My weekly technology law column (Toronto Star version, homepage version) opens by noting that Canadians focused on hockey success and economic doom-and-gloom over the past month may have missed a series of events that suggest a dramatic shift for the recording industry. For much of the past decade, the industry has relied on three pillars to combat peer-to-peer file sharing – lawsuits, locks, and legislation.
The lawsuits, which began in 2003, resulted in suits against more than 35,000 alleged file sharers in the United States. The locks, which refers to digital locks that seek to impose copy-controls on music files, was a requirement for online services such as iTunes before it was given the green light, while the lobbying for legislative reforms to support the use of copy-controls led Canada to introduce the failed Bill C-61.
In a matter of weeks, the foundation of each of these pillars has either crumbled or shown serious signs of cracking.
The changes began with the announcement in late December that the industry was abandoning the lawsuit strategy. While cases already filed will continue, the Recording Industry Association of America indicated that it plans to shift its attention to discussions with Internet service providers that it hopes will lead to the adoption of a controversial "three strikes and you’re out" policy for repeated cases of unauthorized file sharing.
The decision to drop the lawsuit strategy was long overdue as it had accomplished little more than engender significant animosity toward the industry. In fact, the approach had recently come under legal fire with courts challenging the industry's contention that liability flowed merely from making files available on a shared hard drive (some courts have demanded evidence of actual downloads) and a Harvard law professor using one case to question the constitutionality of damage awards that can run into the millions of dollars for a handful of songs that sell for 99 cents each.
The Canadian situation was similarly unsuccessful as the courts rejected lawsuits against 29 alleged file sharers in 2004 on evidentiary and legal grounds. The failed cases were particularly damaging since they led to the perception that all file sharing is legal in Canada (it is not) and helped to convince some of Canada's best-known artists to speak out against the practice.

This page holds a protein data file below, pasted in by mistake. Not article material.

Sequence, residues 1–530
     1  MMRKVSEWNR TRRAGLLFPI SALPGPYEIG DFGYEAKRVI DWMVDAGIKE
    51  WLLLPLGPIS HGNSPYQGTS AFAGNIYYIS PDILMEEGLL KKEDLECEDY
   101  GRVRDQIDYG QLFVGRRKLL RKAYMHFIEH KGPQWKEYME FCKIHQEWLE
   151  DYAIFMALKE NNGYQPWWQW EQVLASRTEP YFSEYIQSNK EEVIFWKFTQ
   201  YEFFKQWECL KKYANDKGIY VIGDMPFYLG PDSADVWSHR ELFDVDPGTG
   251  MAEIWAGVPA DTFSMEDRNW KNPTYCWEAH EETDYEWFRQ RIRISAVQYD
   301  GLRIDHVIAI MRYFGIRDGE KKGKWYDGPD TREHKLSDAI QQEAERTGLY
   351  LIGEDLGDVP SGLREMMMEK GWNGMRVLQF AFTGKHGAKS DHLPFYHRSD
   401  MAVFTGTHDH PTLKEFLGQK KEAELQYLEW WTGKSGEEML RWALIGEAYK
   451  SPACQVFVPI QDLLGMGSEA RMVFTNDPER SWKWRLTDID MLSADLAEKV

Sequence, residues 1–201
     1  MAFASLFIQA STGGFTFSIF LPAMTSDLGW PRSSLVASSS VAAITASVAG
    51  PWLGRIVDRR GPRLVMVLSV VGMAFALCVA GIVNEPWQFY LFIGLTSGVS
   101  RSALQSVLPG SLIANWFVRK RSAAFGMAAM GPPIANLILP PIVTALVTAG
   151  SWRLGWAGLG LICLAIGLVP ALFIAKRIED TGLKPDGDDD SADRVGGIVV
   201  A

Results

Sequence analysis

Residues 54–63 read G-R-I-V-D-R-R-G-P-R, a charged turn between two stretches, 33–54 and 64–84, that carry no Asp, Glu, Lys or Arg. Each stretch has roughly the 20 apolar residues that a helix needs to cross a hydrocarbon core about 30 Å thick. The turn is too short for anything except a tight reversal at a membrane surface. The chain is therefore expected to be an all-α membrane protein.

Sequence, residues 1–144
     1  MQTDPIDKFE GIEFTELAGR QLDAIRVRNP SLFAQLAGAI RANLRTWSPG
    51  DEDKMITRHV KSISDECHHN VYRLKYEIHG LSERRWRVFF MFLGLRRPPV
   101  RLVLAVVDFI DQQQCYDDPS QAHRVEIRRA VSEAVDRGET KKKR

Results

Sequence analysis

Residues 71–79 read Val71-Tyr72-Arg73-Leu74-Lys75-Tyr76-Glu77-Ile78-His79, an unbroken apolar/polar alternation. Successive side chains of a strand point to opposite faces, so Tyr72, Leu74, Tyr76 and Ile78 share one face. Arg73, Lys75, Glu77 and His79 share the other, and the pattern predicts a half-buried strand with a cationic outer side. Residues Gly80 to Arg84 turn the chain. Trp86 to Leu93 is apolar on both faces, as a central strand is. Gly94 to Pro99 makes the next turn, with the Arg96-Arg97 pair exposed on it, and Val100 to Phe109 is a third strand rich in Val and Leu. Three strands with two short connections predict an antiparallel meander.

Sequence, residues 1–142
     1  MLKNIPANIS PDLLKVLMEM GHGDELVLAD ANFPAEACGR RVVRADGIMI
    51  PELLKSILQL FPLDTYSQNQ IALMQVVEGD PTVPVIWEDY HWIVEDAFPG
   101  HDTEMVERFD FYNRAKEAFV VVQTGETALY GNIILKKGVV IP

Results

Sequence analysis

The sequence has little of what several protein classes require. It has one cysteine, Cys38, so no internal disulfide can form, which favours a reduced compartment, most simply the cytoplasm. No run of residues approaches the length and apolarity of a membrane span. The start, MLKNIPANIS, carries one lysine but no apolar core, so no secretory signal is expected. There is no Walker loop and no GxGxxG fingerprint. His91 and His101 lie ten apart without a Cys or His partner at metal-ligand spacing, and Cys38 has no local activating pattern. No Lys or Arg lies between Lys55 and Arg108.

The crumbling of the locks pillar came last week when Apple, the dominant online music seller, announced that it will soon offer millions of songs from all four major record labels without digital locks. Apple had long supported the removal of the locks but faced resistance from some record labels.
The about face reflects the recognition that frustrating consumers with unnecessary restrictions is not a particularly good business model. Moreover, the interoperability problems (songs locked to a single device) and security threats (the Sony rootkit fiasco that led to class action consumer lawsuits) associated with the locks clearly made their use more trouble than they were worth.
With lawsuits and locks on the way out, cracks are now also showing in the legislative pillar. In addition to the privacy, security, and consumer concerns with such legislation, laws to protect digital locks seems increasingly unnecessary given the decision to abandon their use in the primary digital sales channel.
Nielsen Soundscan data released last week also undermine a key argument for such reforms. The industry has long claimed that the legislative changes are needed to support the development of a digital marketplace in Canada. The 2008 Canadian sales data reveal that laws are not the issue as Canada experienced a 58 percent increase in sales of digital tracks last year. That figure is more than double the U.S. growth of 27 percent and, incredibly, marks the third consecutive year that Canada has outpaced the U.S. in digital music sales growth.
The data – along with the crumbling of the lawsuits and locks strategy – reinforce the view that it is innovation, not intervention from governments and courts, that will ultimately determine the digital winners and losers.